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Custodial Parents Living in Poverty

Story Behind the Numbers - Child Support Fact Sheet #3

Published: January 31, 2014
Information About:
State/Local Child Support Agencies, Tribal Child Support Agencies, Families
Topics:
Family Services & Referrals, Economic Stability/Job Services
Types:
Guides/Publications/Reports, Outreach/Brochures, Promising Practices
Tags:
Child Support Fact Sheet, Story Behind the Numbers, Toolkit & Training

Three bar charts with kid imagesThis fact sheet focuses on data reported in a recent U.S. Census Bureau report, Custodial Mothers and Fathers and Their Child Support: 2011. The data reported are estimated based on a biennial survey of custodial parents, the Child Support Supplement to the Current Population Survey, March/April 2012, co-sponsored by the Office of Child Support Enforcement.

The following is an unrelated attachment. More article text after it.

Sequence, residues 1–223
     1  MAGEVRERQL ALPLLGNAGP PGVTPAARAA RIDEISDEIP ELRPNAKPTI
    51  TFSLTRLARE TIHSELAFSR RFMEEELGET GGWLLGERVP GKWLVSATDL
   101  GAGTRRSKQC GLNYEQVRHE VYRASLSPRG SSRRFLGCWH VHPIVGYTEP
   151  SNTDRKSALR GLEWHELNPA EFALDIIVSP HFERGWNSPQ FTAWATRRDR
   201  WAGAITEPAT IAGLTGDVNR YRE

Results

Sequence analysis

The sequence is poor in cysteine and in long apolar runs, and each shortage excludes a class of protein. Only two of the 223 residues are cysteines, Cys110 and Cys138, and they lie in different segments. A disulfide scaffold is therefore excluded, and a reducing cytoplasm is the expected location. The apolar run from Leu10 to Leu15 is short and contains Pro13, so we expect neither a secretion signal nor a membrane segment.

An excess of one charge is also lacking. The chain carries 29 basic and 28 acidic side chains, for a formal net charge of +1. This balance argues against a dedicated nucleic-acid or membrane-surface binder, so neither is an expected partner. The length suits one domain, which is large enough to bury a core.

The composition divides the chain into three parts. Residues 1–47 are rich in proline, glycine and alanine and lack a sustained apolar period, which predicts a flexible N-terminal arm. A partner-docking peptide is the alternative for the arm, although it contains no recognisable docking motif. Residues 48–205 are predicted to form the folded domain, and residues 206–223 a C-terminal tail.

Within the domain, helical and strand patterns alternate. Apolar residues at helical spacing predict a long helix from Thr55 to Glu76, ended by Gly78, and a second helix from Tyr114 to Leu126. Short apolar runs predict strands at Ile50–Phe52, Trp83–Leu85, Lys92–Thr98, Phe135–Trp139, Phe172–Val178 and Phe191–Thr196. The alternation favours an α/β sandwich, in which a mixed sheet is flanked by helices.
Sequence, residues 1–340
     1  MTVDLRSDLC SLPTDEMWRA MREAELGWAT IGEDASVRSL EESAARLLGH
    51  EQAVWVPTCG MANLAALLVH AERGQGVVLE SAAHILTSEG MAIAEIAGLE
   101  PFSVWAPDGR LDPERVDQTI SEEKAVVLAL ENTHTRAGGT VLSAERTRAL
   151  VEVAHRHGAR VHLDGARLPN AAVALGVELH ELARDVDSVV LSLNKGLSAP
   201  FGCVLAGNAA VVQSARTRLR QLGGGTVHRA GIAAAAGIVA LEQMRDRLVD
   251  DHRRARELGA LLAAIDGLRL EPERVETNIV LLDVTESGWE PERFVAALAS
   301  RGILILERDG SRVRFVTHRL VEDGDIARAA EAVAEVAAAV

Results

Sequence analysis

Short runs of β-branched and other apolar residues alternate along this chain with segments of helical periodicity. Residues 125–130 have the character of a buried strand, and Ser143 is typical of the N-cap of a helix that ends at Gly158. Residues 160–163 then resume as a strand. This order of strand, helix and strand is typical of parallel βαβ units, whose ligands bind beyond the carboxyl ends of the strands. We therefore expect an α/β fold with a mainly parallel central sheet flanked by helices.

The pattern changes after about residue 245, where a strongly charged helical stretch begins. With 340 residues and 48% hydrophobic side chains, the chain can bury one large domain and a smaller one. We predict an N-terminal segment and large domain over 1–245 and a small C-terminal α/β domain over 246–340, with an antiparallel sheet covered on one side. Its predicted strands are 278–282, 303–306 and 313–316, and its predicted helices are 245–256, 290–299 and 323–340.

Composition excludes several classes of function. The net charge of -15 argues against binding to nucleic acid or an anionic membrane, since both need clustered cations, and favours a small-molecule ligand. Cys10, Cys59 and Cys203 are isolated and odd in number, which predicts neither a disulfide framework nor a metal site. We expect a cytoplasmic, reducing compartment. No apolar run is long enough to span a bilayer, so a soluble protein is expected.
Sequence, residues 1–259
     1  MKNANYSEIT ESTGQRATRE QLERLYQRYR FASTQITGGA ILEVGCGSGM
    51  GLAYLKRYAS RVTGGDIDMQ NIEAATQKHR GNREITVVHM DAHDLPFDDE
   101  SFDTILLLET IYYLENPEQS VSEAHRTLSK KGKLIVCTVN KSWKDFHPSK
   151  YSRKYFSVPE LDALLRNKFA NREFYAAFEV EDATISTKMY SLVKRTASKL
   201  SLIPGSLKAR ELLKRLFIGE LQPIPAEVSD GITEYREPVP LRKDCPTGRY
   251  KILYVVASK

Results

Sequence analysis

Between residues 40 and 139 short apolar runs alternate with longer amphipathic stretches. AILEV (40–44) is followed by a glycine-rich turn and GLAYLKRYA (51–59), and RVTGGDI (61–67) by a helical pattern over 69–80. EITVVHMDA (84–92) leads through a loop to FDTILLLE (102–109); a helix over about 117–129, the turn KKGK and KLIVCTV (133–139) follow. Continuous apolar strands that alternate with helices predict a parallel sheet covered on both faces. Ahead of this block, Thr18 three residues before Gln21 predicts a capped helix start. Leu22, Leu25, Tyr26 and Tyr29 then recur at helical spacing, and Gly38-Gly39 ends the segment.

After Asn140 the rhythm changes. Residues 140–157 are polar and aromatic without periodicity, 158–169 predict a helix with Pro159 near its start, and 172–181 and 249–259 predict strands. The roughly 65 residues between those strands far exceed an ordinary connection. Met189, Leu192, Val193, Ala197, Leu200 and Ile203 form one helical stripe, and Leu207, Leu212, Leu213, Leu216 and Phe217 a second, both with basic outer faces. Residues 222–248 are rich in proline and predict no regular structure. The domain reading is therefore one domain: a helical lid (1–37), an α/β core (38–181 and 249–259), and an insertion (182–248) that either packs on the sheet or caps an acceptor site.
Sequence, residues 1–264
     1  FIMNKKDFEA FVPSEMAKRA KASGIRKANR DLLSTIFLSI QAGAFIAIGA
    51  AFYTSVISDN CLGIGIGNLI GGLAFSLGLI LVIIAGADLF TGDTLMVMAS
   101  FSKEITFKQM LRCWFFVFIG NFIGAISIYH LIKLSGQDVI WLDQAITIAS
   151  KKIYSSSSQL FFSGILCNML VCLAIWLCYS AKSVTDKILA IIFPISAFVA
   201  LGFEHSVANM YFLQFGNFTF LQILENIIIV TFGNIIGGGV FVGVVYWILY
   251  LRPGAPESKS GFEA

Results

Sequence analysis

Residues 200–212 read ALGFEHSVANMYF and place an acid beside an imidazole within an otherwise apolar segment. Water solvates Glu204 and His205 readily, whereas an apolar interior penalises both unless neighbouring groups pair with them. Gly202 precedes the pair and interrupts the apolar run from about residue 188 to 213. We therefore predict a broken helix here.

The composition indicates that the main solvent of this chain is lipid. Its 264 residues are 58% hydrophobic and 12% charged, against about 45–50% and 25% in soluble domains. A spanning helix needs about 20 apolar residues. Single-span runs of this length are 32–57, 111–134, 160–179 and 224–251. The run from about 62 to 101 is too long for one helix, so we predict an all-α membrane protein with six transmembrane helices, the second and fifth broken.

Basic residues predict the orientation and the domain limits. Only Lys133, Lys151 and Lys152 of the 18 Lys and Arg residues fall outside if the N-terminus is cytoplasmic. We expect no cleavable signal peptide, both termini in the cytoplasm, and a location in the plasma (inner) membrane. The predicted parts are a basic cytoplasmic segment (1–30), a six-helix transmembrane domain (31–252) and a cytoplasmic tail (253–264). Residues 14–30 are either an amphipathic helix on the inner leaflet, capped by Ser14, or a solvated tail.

The proportion of custodial parents living below poverty line continues to increase in 2011. The report found that 4.2 million custodial parents lived in poverty in 2011, representing 29 percent of all custodial parents, about twice the poverty rate for the total population. These statistics reinforce the essential role that child support services can play in helping low-income families, especially during an economic downturn.  Parents in the child support program tend to have lower incomes than those who do not receive child support services and are particularly vulnerable to economic downturns. Because of their relatively low incomes, when families in the child support program receive child support, it represents a larger percent of their family income than it does for custodial families outside of the program.

While we have very detailed information on the IV-D caseload, there is no national source of information for total (IV-D and non-IV-D) child support recipients and total amount of child support received. We rely on nationally representative surveys such as this one to provide information on the total child support population. It is important to note that this survey includes both IV-D and non-IV-D families, but does not include households where children are living with someone other than their biological parent (e.g. aunt, uncle, grandparents).